Cleaning Mold From Your Central Air Conditioner Drain

If you have a central air conditioning unit that utilizes a two-part system to cool your home, then you probably enjoy the convenient and efficient cool air that the system provides. However, when the cool air blown into your home smells moldy and musty, then the air may not be as enjoyable as it once was. If you notice this type of smell coming from your vents, then it is time to investigate the drainage system that attaches to the evaporator that sits in your basement. To learn about the drain, mold formation, and cleaning the part of the system, keep reading.

Understanding AC Drainage

Your air conditioning system will have a series of evaporator coils that run through the interior of the unit. These coils allow copper refrigerant lines to come into contact with warm air. The warmth is pulled from the air and cool air is moved into your house. Moisture is pulled out of the air at the same time that heat is removed. If your basement is wet or if the ambient humidity is high, then a great deal of water may be released. The water condenses on the evaporator coils and drips down into a container. This water must be removed from the AC evaporator to prevent mold and mildew from building inside of it. A drain line connected to the pan or drain condensation container will help to remove the water. In most cases, the drain pan will be tipped slightly so that water moves down and through the drain line as soon as it collects in the pan. 

However, if your air conditioning unit does not run a lot or if your basement becomes incredibly warm and humid, then the drain pan and line can start to form mold. This mold can even block the drainage opening and you may see water pooling around the bottom of the air conditioning unit. Once mold forms, mold spores may move into the air and travel up into the air ducts. You will then smell a musty odor when your air conditioner runs.

Cleaning The Mold

If you smell mold and mildew coming from your cooling vents, then you will need to inspect and clean the drain pan and line inside the evaporator unit. The drain will sit on the bottom of the unit, so look for a panel or opening where you can gain access to the bottom of the air conditioner. Some panels pull away, while others will need to be unscrewed. Shine a flashlight along the bottom of the unit until you find a shallow metal pan. Look to see if the pan is full and also look for signs of mold.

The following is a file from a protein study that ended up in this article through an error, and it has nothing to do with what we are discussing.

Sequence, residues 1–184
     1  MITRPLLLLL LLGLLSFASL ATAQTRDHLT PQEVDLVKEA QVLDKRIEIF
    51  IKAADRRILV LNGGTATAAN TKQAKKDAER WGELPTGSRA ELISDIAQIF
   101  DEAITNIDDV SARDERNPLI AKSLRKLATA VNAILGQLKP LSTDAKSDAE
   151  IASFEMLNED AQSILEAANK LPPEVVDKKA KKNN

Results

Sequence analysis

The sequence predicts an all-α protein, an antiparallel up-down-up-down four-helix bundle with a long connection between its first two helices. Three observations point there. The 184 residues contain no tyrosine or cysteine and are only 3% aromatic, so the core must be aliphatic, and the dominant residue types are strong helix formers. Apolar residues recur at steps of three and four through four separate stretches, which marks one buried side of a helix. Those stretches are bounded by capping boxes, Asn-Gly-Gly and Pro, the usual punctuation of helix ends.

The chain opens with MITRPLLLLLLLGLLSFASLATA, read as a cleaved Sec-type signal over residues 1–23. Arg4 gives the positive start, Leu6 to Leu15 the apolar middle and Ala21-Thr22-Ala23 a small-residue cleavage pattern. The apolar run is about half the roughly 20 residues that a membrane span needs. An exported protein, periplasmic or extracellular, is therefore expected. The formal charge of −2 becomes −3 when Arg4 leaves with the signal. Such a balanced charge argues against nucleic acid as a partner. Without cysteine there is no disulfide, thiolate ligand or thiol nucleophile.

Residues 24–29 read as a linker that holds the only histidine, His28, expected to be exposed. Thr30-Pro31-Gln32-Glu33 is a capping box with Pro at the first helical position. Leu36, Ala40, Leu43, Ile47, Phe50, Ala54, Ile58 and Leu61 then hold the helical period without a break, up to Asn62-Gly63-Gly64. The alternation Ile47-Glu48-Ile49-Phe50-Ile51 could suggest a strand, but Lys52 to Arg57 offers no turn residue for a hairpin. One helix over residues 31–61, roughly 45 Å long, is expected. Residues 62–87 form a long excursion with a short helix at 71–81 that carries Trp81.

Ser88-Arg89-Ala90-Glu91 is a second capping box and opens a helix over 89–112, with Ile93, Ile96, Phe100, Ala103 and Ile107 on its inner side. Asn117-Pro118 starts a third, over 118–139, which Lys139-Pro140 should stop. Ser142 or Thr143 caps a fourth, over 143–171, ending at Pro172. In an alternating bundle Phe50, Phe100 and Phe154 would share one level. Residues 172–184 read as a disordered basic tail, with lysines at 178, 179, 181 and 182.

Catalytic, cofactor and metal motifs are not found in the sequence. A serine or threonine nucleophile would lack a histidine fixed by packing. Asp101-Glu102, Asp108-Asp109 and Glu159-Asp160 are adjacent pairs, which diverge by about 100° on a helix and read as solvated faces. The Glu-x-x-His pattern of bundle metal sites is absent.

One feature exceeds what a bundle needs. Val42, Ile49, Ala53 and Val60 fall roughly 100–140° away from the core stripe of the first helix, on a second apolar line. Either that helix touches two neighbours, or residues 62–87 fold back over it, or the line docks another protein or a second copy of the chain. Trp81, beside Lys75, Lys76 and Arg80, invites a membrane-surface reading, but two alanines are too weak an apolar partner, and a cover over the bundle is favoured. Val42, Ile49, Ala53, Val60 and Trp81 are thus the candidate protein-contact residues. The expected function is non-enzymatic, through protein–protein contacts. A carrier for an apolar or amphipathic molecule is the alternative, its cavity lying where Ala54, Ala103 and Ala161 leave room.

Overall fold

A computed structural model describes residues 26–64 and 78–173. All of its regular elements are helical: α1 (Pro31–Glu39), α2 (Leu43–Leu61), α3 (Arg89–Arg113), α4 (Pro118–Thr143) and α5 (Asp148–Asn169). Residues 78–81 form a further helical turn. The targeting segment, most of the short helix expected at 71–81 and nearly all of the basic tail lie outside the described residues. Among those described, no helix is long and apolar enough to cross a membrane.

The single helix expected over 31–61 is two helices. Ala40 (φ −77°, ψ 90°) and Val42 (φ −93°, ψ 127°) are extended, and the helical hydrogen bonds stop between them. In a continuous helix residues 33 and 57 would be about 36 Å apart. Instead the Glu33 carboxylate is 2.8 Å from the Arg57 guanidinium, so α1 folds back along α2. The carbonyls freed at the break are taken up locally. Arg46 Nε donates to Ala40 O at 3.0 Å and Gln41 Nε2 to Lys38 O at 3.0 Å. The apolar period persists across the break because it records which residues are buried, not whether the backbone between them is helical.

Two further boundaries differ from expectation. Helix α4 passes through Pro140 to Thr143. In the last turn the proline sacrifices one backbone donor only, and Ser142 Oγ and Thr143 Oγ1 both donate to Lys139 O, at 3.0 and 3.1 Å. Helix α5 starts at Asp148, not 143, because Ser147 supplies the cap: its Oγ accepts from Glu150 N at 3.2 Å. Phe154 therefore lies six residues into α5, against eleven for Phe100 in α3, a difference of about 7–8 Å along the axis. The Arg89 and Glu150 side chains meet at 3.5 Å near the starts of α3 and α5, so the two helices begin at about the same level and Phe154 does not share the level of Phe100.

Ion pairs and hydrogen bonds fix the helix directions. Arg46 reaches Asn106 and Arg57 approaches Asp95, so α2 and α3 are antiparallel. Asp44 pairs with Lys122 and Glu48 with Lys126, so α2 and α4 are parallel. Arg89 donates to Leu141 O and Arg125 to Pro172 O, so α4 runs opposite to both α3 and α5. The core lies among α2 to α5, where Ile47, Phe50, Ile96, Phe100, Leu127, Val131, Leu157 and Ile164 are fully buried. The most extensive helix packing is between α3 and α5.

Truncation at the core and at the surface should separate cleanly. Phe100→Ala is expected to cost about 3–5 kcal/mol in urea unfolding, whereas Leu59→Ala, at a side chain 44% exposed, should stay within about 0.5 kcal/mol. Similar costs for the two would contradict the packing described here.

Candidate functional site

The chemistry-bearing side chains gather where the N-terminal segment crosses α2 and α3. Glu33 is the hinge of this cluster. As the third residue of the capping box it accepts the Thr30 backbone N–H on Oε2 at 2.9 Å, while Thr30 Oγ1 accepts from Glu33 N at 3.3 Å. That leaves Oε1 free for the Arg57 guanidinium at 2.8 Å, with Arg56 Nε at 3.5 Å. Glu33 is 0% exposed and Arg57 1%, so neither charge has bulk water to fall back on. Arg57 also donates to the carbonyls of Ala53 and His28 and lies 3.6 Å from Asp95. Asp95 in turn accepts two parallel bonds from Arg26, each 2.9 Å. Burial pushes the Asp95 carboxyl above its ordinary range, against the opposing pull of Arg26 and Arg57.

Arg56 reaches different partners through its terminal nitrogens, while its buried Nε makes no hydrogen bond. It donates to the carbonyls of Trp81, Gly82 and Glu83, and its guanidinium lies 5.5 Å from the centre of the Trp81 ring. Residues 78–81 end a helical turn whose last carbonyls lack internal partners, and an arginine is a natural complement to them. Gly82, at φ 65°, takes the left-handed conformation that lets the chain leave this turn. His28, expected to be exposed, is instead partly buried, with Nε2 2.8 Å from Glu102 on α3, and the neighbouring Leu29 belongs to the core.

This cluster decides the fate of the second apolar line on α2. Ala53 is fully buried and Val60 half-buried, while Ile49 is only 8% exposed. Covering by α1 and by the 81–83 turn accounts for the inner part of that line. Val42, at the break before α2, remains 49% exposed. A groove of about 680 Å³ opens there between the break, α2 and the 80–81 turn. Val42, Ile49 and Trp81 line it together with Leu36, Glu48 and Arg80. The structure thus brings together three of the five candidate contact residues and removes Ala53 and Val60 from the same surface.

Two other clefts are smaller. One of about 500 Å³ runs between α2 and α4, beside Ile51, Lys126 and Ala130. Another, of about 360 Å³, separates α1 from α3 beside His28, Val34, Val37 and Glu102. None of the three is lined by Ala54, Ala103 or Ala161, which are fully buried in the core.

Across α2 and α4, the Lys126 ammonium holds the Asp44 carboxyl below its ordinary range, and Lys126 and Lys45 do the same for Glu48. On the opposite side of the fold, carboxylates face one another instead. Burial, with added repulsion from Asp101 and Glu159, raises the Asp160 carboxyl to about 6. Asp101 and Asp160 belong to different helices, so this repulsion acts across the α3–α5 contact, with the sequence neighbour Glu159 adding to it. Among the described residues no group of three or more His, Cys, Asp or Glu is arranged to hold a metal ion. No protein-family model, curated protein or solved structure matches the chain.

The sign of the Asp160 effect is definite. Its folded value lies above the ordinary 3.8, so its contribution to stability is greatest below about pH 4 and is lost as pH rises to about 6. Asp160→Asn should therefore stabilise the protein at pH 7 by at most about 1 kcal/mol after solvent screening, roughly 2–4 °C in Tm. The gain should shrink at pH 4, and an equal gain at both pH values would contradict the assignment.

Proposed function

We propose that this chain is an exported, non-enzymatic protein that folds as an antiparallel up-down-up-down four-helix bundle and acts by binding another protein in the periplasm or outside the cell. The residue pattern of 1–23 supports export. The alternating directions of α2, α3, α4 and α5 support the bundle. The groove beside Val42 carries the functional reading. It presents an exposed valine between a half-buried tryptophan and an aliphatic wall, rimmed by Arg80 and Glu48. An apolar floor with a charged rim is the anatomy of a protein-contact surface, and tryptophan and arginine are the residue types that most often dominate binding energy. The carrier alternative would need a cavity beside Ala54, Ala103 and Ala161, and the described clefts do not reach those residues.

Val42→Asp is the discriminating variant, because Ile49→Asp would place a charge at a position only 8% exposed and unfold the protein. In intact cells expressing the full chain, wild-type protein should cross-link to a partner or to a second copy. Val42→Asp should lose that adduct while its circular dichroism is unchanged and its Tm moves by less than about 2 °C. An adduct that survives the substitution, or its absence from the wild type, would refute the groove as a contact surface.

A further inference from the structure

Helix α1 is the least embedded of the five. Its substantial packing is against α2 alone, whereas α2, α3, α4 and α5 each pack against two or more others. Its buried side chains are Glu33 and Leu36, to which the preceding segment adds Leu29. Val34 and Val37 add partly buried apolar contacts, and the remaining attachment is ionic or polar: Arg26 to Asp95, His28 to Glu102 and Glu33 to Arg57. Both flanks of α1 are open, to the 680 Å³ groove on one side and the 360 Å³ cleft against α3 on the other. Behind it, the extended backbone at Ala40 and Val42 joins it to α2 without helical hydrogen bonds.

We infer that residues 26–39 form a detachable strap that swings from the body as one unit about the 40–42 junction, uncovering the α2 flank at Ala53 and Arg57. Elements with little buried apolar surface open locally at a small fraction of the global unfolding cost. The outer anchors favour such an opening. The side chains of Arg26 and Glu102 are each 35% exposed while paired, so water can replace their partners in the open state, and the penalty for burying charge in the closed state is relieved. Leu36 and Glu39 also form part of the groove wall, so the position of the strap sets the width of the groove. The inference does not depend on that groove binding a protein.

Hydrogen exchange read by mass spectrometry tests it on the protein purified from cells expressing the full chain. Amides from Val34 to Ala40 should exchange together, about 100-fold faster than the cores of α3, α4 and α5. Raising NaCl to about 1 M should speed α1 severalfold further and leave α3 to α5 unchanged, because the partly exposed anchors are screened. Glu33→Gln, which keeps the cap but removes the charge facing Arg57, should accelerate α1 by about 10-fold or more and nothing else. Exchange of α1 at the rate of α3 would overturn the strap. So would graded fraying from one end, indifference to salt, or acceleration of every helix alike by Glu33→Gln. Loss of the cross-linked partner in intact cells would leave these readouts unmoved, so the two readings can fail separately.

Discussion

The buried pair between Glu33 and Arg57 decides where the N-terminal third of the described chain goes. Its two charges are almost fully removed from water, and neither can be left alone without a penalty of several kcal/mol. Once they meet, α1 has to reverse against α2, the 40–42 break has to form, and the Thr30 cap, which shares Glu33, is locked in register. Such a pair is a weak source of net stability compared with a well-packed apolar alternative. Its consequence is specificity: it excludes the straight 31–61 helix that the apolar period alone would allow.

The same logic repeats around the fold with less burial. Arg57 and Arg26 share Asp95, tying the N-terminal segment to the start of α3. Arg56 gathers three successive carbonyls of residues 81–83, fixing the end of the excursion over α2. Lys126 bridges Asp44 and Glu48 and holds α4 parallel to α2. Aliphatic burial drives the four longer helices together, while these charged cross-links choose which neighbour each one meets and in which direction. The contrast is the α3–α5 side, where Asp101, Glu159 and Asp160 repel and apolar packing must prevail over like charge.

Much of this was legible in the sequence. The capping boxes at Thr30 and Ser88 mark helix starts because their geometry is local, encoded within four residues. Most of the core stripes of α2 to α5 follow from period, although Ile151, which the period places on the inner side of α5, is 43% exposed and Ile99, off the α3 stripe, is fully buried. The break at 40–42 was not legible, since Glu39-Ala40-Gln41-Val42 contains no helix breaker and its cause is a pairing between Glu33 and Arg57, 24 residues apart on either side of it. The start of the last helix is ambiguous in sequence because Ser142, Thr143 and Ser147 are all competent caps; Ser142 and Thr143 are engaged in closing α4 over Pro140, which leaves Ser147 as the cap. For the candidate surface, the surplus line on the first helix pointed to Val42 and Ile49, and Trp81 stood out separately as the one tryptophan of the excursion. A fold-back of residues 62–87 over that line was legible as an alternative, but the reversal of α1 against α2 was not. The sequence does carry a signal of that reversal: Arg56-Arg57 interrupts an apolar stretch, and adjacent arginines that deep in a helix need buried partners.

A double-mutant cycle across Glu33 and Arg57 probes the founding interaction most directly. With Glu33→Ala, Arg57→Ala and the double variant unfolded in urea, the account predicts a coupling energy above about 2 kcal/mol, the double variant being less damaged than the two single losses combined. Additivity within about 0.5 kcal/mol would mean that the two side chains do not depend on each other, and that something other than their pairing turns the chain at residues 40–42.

If you see mold and it appears dark green, thick, and gelatinous, then black mold may have formed on the drain pan. This mold can form in the home where a great deal of water accumulates. While some common molds may also have a wet and slimy appearance, it is best to take precautions if you see what may be black mold. Before you start cleaning the drain pan, purchase a mold testing kit to see if the mold is toxic. You should purchase a kit that specifically tests for the presence of stachybotrys. Look for a surface sampling kit that provides instant results. Use the q-tip or tape to collect the mold from the AC drain pan, then wipe the sample against the mold indicator. Wait for the indicator to produce a positive or negative result.

If the mold is black mold, then contact an HVAC technician from a company like Cape Fear Air Conditioning & Heating Co., Inc. so your drain pan and drain line can be removed and replaced safely. If the mold is not toxic, then clean the drain pan yourself. Use a clean rag to remove the water from the condensation pan. Wipe away as much mold as you can as well. Afterwards, pour about one cup of vinegar in the drain pan and let it sit. The vinegar will eat through the mold clogging the drain line. Use your flashlight to check to see when the vinegar drains from the pan. Mix one cup of water and one cup of bleach in a spray bottle. Spray the drain pan with the mix to kill the remaining mold spores and wipe the pan dry with a clean cloth.